I was surprised to hear how much response came from this. Now we have a community on google and presence on linked in and yahoo groups and twitter. People are coming from the woodwork to say that they're also sad about the state of agile practice and they either yearn to return to agile values, or they lament that they never were able to enjoy really practicing those values.
But what do we do?
I think that there are at least three immediate steps we can take.
- Remove barnacles
- Reinstate values
- Move forward
The first is a tad negative. We should call out the things that have grown on the skin of agile (shallow, peripheral issues) and have obscured the heart of the principles.
I've already addressed some of the noise that has grown up around velocity and estimation. I've been suppressing a number of opinions on metrics and disengagement.
You can love or hate Linked-In, but I have found kindred souls there, teaching and answering questions and calling out practices that divert from the real goals of creating a human system that actually produces all the time. I think it's always good to have some time spend in dialog on the forums there.
There are google groups and yahoo groups where people ask good, honest questions, but they're often the wrong questions. It would be good to have people there to help scrape the barnacles from their view of the agile world.
You don't have to publish in magazines or blogs or even twitter. Scrape the barnacles where you live, where your teams are producing software today.
While we have issues with some distracting practices, please be aware that taking back agile is the work of many people. If you make us seem to be all anti-whatever, then we'll always be fighting to beat the image of being a bunch of haters trying to return to the past. More on this later.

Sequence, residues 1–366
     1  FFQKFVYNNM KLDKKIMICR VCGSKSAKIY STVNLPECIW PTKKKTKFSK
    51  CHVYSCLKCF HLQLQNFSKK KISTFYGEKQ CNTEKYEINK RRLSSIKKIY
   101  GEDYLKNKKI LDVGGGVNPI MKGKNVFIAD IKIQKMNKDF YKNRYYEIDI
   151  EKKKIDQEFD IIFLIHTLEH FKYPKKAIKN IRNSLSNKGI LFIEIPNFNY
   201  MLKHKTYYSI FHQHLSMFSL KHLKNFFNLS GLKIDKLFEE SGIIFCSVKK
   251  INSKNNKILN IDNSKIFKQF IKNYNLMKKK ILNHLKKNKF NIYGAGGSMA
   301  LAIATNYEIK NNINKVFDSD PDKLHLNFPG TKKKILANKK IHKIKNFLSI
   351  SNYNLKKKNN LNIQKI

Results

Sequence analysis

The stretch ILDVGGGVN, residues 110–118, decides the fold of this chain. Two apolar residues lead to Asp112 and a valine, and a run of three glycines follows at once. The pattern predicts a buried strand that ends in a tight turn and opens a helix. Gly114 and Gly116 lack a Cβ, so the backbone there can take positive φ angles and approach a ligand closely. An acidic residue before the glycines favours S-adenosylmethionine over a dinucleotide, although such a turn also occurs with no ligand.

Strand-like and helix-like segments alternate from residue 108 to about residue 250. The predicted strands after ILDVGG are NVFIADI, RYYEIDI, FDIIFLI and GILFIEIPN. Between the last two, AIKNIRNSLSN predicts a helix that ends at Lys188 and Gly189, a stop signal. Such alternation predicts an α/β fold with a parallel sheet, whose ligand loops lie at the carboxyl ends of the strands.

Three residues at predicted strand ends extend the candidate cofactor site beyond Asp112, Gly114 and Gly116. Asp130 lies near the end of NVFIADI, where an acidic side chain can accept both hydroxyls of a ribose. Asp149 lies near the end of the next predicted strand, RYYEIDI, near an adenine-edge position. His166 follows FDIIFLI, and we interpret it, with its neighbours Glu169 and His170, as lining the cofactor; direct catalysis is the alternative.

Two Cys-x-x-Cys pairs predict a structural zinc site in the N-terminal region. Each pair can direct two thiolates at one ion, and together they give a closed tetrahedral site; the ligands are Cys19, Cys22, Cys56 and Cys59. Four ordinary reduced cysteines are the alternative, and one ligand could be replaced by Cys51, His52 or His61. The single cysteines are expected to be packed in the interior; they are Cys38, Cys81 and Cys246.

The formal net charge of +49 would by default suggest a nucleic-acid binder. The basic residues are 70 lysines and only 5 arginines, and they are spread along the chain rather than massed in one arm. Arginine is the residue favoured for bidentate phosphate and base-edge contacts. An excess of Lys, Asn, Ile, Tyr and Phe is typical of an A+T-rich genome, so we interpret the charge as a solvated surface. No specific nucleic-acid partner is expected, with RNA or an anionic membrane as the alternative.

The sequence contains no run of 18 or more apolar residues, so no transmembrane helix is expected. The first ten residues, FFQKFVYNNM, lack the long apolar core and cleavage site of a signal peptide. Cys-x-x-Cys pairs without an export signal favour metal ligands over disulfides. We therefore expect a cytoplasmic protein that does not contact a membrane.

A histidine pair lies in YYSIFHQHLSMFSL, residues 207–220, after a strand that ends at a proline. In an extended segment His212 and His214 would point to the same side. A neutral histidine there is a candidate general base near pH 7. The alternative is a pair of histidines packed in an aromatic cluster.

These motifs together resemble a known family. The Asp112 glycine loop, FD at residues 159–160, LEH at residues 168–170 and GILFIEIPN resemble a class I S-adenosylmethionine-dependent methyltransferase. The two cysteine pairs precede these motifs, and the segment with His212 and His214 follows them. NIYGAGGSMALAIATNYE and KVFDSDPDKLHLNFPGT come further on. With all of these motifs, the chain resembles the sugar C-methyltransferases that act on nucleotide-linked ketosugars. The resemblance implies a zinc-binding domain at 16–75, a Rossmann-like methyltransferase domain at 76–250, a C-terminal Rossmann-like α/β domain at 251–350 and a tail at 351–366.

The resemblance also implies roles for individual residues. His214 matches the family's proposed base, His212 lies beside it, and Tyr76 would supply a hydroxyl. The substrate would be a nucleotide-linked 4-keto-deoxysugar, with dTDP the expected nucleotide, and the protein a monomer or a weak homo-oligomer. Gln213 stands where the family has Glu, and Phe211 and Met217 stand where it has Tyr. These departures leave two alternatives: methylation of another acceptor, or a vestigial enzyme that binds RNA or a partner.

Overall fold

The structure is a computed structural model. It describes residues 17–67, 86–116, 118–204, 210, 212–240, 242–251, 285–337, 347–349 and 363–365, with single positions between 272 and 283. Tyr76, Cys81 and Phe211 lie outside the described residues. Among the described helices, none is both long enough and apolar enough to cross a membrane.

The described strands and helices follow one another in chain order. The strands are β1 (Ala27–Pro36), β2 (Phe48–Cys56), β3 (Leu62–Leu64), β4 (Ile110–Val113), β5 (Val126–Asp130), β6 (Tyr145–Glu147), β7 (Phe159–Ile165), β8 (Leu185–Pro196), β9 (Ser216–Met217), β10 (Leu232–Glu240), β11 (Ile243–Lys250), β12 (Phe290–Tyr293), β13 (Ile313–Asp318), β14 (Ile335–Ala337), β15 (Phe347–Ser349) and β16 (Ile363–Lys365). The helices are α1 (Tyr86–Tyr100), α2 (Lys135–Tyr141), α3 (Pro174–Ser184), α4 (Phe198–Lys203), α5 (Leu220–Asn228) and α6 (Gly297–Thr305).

This is the good stuff.
The first step to building the values is to live them intentionally. If you need reminders, visit the agile manifesto site and put a printout of the principles up on your own wall. Focus on being the most heartfully-agile person in your space.
Then take to the streets. You probably have a blog or a twitter account. You probably go to user groups or company lunch-and-learn meetings. You could probably start some of these if you don't have them.
We need stories of how living these values changed our work, after all "working software is the primary measure of progress.". Other benefits are important, but the overwhelming pragmatism of the agile approaches should get more play. Remember that XP was built on two questions:
- What has worked really well in the past?
- How can we do these things much more intensely?
As much as agile work has helped humanize the workplace, the practical advantages have always been the entree.
One warning, though; don't try hard to seem an expert. Instead, be very transparent and open-hearted about your goal of becoming more expert all the time. Always be in transition, and never even pretend to have fully arrived. The humility of a seeker will win you much more mindshare than the appearance of authority.
In this light, I'm planning to put together a positive blog this week describing how I have seen the agile methods pick up on rather old and new ideas and create greater project safety. I believe that agile methods are safer for developers, managers, customers, and all members of a product community. I'll tell why.
I don't want to return to the technology of the 1990s or the 2000s.
I don't want to be answering questions that people are not asking anymore.
In the time between the manifesto and now, the world of technology has changed. We need to carry our values into the future and even modify them if we find them dated or unhelpful.
Now we have influences from Lean Startup, cloud computing, mobile development, social computing, mob programming, etc.
If we aren't moving forward, we become irrelevant. I believe that these values are timeless, in which case they work just as well in 2020 and 2030 as they did in 2010.
We have a manifesto that still works. Let's all go manifest it.